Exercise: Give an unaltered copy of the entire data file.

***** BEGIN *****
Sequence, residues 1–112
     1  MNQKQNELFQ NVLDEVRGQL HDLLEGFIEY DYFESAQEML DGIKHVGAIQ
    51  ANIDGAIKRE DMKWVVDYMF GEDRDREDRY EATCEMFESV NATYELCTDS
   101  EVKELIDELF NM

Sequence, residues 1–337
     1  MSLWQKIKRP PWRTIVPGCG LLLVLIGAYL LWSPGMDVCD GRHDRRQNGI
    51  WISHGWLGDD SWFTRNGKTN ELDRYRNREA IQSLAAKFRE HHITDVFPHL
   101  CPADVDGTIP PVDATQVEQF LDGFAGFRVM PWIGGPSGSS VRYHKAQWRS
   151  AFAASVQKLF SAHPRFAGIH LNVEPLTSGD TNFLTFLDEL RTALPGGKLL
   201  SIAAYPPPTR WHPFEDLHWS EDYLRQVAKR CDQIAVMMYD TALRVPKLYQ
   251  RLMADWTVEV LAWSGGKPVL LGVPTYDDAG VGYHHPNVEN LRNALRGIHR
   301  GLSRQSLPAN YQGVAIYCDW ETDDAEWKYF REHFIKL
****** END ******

Sequence, residues 1–112
     1  MNQKQNELFQ NVLDEVRGQL HDLLEGFIEY DYFESAQEML DGIKHVGAIQ
    51  ANIDGAIKRE DMKWVVDYMF GEDRDREDRY EATCEMFESV NATYELCTDS
   101  EVKELIDELF NM

Sequence, residues 1–337
     1  MSLWQKIKRP PWRTIVPGCG LLLVLIGAYL LWSPGMDVCD GRHDRRQNGI
    51  WISHGWLGDD SWFTRNGKTN ELDRYRNREA IQSLAAKFRE HHITDVFPHL
   101  CPADVDGTIP PVDATQVEQF LDGFAGFRVM PWIGGPSGSS VRYHKAQWRS
   151  AFAASVQKLF SAHPRFAGIH LNVEPLTSGD TNFLTFLDEL RTALPGGKLL
   201  SIAAYPPPTR WHPFEDLHWS EDYLRQVAKR CDQIAVMMYD TALRVPKLYQ
   251  RLMADWTVEV LAWSGGKPVL LGVPTYDDAG VGYHHPNVEN LRNALRGIHR
   301  GLSRQSLPAN YQGVAIYCDW ETDDAEWKYF REHFIKL